Apr. 1983
Kamioka Underground Observatory was established.
Jul. 1983
Kamiokande experiment started observation.
Kamiokande denied the simplest GUT as a result of proton decay search.
Feb. 1987
Kamiokande succeeded in detecting neutrinos from a supernova explosion.
Kamiokande observed a solar neutrino deficit.
Dec. 1991
The construction of Super-Kamiokande (SK) was started.
Jan. 1994
The construction of a computer building was completed.
Jun. 1994
The excavation for the SK detector was finished.
Apr. 1995
Kamioka Observatory which belongs to the Institute for Cosmic Ray Research(ICRR), was established.
Apr. 1996
SK experiment started observation.
Jun. 1998
SK discovered the atmospheric neutrino oscillation.
Jun. 1999
The long baseline neutrino oscillation experiment; K2K started.
Jun. 2001
SK discovered the solar neutrino oscillation.
Jul. 2001
SK started replacement of several hundred nonfunctional PMTs.
Nov. 2001
After replacement work, half of the PMTs were destroyed by a chain reaction
Dec. 2002
The Nobel prize in Physics was awarded to Professor Koshiba as a consequence of the major scientific results obtained at Kamiokande.
Dec. 2002
SK started observation with about 5200 inner detector PMTs.
Jun. 2004
K2K experiment confirmed the neutrino oscillation.
Nov. 2004
K2K experiment was finished.
Oct. 2005
The new PMTs were almost ready, the full reconstruction work began.
Jul. 2006
SK started observation with full complement of PMTs.
Sep. 2008
The new data acquisition system of SK was installed.
Oct. 2008
XMASS experiment started to construct the water shield tank.
Apr. 2009
The T2K experiment was started, the first off-axis neutrino oscillation experiment.
Oct. 2009
XMASS experiment started the commissioning run.
Nov. 2009
Proton decay lifetime limit published by SK exceeds 1034 years.
Mar. 2011
T2K was temporarily stopped by the Great East Japan Earthquake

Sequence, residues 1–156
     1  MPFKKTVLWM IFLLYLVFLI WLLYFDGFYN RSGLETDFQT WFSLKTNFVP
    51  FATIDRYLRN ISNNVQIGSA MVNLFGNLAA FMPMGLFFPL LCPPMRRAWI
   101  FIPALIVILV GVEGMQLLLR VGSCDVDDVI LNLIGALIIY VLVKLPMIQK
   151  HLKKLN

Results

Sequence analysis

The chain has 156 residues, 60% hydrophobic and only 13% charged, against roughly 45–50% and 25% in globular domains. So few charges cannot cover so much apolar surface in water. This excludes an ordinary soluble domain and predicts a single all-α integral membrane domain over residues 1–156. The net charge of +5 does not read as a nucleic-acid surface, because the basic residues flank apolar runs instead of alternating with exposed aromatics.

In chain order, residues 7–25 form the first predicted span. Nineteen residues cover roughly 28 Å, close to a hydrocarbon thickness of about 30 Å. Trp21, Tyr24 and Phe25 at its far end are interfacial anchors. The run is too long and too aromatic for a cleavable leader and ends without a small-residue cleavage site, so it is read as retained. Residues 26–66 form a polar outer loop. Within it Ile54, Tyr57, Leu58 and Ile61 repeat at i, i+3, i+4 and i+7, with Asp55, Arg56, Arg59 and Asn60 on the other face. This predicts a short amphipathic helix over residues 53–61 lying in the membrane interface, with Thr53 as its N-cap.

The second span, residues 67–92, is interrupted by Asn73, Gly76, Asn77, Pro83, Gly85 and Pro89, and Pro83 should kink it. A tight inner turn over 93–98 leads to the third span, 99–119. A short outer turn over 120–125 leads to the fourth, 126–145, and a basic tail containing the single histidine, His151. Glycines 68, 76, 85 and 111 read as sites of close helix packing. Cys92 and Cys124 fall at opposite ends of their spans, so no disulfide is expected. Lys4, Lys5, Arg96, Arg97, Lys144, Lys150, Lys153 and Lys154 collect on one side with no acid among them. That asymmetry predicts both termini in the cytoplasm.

Jun. 2011
Discovery of electron neutrino appearance in the T2K experiment
Jul. 2013
Measurement of electron neutrino appearance in the T2K experiment.
Mar. 2014
First indication of a difference between the solar neutrino flux during the night and day
Nov. 2015
2016 Breakthrough Prize in Fundamental Physics awarded to Prof. Y. Suzuki, Prof. T. Kajita and SK Collaborators, and Prof. K. Nishikawa and K2K/T2K Collaborators.
Dec. 2015
The 2015 Nobel Prize in Physics awarded Prof. Takaaki Kajita.
Jul. 2016
The T2K experiment represented the first CP violation search result.
Aug. 2017
The T2K experiment represented the indicate of CP violation by neutrinos at 95%.
Jun. 2018
SK started the upgrade work.
Jan. 2019
SK restarted the observation.
Feb. 2019
XMASS completed the data acquisition.
Feb. 2020
The construction of Hyper-Kamiokande (HK) was started.
Apr. 2020
T2K resulted restrict possible values of neutrino CP phase.
Aug. 2020
Introduction of Gadolinium into Super-Kamiokande and the start of new observations.
May 2021
The access tunnel excavation for Hyper-Kamiokande started and the groundbreaking ceremony held.

Inside of the Kamiokande detector

Completion of excavation a large cavity for SK.

Inside the detector during filling water.

The first operation of SK at 0:00 AM April 1st, 1996, which was started by the spokesperson, Prof. Yoji Totsuka.

Inside of the detector with a half density of PMTs.

Inside of the detector with full density of PMTs. All PMTs are covered with acrylic cases.

The XMASS detector with all PMTs mounted.

The candidate event display of the electron appearance discovered in the T2K experiment.

Super-Kamiokande upgrade work in 2018.

The access tunnel entrance of Hyper-Kamiokande.